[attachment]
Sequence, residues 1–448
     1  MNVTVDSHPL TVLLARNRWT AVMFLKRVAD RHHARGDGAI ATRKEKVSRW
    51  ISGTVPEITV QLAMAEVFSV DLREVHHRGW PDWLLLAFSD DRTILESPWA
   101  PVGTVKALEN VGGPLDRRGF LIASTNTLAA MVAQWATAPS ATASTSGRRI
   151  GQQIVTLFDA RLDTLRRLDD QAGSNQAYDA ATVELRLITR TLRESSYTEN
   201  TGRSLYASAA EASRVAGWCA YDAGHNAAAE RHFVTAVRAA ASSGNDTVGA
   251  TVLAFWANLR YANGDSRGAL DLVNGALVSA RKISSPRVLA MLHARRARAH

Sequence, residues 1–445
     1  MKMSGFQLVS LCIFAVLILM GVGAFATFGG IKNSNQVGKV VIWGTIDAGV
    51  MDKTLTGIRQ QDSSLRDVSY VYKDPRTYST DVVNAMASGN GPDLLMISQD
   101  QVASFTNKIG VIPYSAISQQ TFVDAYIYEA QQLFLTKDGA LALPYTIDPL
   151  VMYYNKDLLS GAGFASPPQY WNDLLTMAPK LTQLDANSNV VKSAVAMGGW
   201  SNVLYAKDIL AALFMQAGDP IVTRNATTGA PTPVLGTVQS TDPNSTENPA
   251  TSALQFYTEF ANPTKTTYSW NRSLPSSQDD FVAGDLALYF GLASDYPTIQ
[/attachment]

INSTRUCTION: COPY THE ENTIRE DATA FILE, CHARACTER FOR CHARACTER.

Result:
Sequence, residues 1–448
     1  MNVTVDSHPL TVLLARNRWT AVMFLKRVAD RHHARGDGAI ATRKEKVSRW
    51  ISGTVPEITV QLAMAEVFSV DLREVHHRGW PDWLLLAFSD DRTILESPWA
   101  PVGTVKALEN VGGPLDRRGF LIASTNTLAA MVAQWATAPS ATASTSGRRI
   151  GQQIVTLFDA RLDTLRRLDD QAGSNQAYDA ATVELRLITR TLRESSYTEN
   201  TGRSLYASAA EASRVAGWCA YDAGHNAAAE RHFVTAVRAA ASSGNDTVGA
   251  TVLAFWANLR YANGDSRGAL DLVNGALVSA RKISSPRVLA MLHARRARAH

Sequence, residues 1–445
     1  MKMSGFQLVS LCIFAVLILM GVGAFATFGG IKNSNQVGKV VIWGTIDAGV
    51  MDKTLTGIRQ QDSSLRDVSY VYKDPRTYST DVVNAMASGN GPDLLMISQD
   101  QVASFTNKIG VIPYSAISQQ TFVDAYIYEA QQLFLTKDGA LALPYTIDPL
   151  VMYYNKDLLS GAGFASPPQY WNDLLTMAPK LTQLDANSNV VKSAVAMGGW
   201  SNVLYAKDIL AALFMQAGDP IVTRNATTGA PTPVLGTVQS TDPNSTENPA
   251  TSALQFYTEF ANPTKTTYSW NRSLPSSQDD FVAGDLALYF GLASDYPTIQ